Consolidation of specialties a mixed blessing

Mergers and consolidations. If you're looking to compile a list of the major business trends of the past five years, that one would definitely have to rank somewhere near the top. Whether the industry in question is telecommunications, transportation or entertainment,...

Mergers and consolidations. If you’re looking to compile a list of the major business trends of the past five years, that one would definitely have to rank somewhere near the top.

Whether the industry in question is telecommunications, transportation or entertainment, the big seem to keep on getting bigger. And no one – regulators included – seems to know just how big is too big.

In the realm of specialty television, certainly, this whole issue has sparked considerable discussion and debate.

If CTV succeeds in its attempt to acquire NetStar Communications – the deal still awaits approval from the Canadian Radio-television and Telecommunications Commission – the broadcaster will add The Sports Network (TSN), Discovery Channel and Reseau des Sports to its stable of specialty channels, which already includes CTV Sportsnet, CTV Newsnet and Outdoor Life Network.

This comes on the heels of last year’s merger agreement between Alliance Communications Corporation and Atlantis Communications, which brought together four specialty services – Life Network, HGTV Canada, Showcase Television and History Television – under the broadcasting division of a single corporate owner: Alliance Atlantis Communications.

This is by no means the last word in consolidation of ownership, either. Indeed, industry watchers foresee many more such deals in specialty TV during the years to come.

‘No one specialty network can probably exist on its own these days,’ says Bruce Baumann, vice-president, media director with Toronto-based Ammirati Puris Lintas. ‘The only way to stay current is to have multiple entities under one corporate banner.’

Ultimately, it’s about ‘optimum utilization,’ Baumann says. When specialty services share equipment, infrastructure and behind-the-scenes personnel, the cost efficiencies for the broadcaster are considerable.

There are, however, concerns about what increased ownership consolidation means for advertisers and their agencies.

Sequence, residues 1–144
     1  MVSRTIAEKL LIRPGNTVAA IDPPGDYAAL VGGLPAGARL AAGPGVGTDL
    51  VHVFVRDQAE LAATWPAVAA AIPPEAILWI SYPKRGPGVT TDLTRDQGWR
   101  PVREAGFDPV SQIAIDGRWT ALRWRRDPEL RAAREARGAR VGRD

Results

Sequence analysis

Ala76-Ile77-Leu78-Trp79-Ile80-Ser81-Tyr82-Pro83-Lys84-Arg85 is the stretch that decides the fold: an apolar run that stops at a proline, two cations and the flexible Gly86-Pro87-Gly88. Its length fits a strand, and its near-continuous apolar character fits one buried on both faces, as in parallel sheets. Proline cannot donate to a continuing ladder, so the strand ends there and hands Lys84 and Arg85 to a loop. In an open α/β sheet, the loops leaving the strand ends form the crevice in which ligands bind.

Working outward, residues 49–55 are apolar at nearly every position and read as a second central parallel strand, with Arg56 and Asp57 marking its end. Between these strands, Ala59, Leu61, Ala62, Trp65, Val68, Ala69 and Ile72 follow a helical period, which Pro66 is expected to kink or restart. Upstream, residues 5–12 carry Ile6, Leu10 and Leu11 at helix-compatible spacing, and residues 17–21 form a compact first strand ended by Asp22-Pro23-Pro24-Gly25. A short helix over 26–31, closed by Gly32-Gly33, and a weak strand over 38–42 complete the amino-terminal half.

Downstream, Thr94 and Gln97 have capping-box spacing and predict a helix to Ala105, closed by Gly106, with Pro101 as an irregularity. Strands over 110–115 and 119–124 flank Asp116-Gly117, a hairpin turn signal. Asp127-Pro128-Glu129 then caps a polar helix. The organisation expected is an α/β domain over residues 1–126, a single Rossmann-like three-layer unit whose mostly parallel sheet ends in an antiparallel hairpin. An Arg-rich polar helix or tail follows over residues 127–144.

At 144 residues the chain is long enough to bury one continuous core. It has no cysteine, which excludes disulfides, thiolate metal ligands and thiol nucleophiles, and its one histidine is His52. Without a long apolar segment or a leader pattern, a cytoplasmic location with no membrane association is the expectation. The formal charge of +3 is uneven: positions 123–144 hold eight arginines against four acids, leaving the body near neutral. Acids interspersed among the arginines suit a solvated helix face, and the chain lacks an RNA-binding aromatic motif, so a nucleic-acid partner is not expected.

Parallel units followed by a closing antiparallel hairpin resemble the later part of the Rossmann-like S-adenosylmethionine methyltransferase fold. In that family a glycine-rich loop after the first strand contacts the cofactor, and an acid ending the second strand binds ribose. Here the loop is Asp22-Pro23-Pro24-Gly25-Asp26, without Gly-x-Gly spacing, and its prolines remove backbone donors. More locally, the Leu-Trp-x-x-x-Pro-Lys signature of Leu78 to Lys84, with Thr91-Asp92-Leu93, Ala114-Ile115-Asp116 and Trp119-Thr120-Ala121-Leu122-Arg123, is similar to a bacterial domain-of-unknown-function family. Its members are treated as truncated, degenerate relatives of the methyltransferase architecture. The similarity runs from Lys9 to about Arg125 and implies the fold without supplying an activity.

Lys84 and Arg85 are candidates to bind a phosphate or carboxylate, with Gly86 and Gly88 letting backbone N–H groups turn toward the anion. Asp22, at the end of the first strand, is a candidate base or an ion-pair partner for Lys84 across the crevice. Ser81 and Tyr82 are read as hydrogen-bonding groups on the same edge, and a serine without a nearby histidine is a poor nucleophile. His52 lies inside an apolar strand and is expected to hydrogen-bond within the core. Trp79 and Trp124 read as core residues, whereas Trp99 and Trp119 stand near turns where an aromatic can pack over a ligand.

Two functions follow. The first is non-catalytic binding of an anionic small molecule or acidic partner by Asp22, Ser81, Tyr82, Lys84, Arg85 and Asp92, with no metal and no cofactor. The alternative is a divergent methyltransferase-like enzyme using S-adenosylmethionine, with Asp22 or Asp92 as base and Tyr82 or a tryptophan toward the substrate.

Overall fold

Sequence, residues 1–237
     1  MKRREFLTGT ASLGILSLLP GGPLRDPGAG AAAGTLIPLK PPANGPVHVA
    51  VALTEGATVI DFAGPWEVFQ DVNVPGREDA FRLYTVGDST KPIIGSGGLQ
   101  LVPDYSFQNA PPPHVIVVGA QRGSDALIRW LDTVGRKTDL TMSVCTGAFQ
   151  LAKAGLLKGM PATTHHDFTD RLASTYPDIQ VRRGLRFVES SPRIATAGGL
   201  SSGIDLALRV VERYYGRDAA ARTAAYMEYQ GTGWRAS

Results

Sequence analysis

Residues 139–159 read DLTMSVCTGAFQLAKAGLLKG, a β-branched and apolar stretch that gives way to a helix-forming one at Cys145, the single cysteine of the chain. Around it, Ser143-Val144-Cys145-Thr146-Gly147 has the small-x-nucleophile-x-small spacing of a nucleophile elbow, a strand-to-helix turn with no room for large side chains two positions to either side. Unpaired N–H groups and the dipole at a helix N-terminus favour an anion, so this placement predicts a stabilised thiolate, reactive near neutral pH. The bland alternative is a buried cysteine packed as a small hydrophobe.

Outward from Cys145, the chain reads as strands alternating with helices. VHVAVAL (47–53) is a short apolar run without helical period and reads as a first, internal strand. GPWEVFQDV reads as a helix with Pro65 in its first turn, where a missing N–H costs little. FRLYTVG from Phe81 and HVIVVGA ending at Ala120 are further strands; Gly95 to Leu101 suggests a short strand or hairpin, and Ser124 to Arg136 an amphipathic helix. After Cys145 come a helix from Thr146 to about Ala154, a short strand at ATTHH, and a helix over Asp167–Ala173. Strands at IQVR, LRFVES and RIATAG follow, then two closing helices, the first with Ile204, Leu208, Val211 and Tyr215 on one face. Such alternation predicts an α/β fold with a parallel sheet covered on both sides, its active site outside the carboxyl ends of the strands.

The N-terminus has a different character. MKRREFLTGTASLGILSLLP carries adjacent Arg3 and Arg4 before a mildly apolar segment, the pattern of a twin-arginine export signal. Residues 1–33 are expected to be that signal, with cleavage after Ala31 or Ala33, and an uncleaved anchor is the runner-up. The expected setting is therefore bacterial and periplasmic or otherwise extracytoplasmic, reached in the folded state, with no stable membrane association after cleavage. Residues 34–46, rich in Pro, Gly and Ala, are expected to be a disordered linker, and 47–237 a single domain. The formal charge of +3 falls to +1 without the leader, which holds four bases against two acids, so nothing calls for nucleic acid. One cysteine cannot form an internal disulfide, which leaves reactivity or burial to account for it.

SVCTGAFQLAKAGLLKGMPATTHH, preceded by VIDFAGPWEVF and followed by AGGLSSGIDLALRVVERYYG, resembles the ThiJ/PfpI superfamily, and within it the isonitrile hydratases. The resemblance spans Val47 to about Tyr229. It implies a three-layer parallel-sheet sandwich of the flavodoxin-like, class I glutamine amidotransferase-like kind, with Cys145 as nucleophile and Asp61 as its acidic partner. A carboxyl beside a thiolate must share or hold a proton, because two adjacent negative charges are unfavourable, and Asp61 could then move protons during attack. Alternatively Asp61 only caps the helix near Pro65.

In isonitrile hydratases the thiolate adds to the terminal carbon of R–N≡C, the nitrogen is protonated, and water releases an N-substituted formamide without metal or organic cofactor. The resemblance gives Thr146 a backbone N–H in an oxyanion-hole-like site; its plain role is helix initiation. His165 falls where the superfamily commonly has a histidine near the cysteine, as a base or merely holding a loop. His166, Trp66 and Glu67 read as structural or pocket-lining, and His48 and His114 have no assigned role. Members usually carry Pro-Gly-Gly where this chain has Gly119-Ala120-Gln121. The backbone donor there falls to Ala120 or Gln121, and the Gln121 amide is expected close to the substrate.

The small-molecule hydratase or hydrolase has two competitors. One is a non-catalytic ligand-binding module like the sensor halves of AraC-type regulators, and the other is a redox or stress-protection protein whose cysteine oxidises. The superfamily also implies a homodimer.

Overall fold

On the one hand, Baumann says, it works to the advantage of media buyers by reducing the number of individuals they need to deal with when executing plans in specialty TV.

If, on the other hand, broadcasters grow too large and powerful through consolidation, buyers could find themselves negotiating from a position of relative weakness. ‘We’ve had situations in the past where some broadcasters have gotten a little big for their britches,’ Baumann says.

Still, this may not be quite so grave a risk as it appears to be. Specialty programming options are now more abundant in Canada than ever. If an advertiser doesn’t feel like paying the rates that, for example, the Alliance Atlantis channels are charging…well, there are plenty of other places to shop. Nothing is a must-buy anymore.

‘We are reaching a time where there’s an abundance of signals out there, and therefore an abundance of choice for the advertiser,’ Baumann says. ‘This makes it difficult for any one player to be as dominant as they might have been [previously], or to charge exorbitant increases from year to year.’

The desire on the part of the major broadcasters to snap up ownership of specialty services is understandable, says Hugh Dow, president of Toronto-based Initiative Media. The future of television, it’s generally agreed, is in specialty. And besides, from a pure bottom-line perspective, these channels are attractive properties, given that they have two separate revenue streams: cable subscriptions and advertising.

For advertisers, he says, specialty offers opportunities for more creative use of media than traditional network television. And consolidation of ownership may add to those opportunities, by making it possible for an advertiser to buy across a broadcaster’s entire specialty portfolio.

While no one in the advertising community is exactly overjoyed to see broadcasters acquiring more clout, it should be noted that there is a counterbalancing trend – namely, consolidation of media management agencies.

‘Consolidated buyers are dealing with consolidated owners,’ Dow says. ‘The concern is that the playing field between the two stays level.’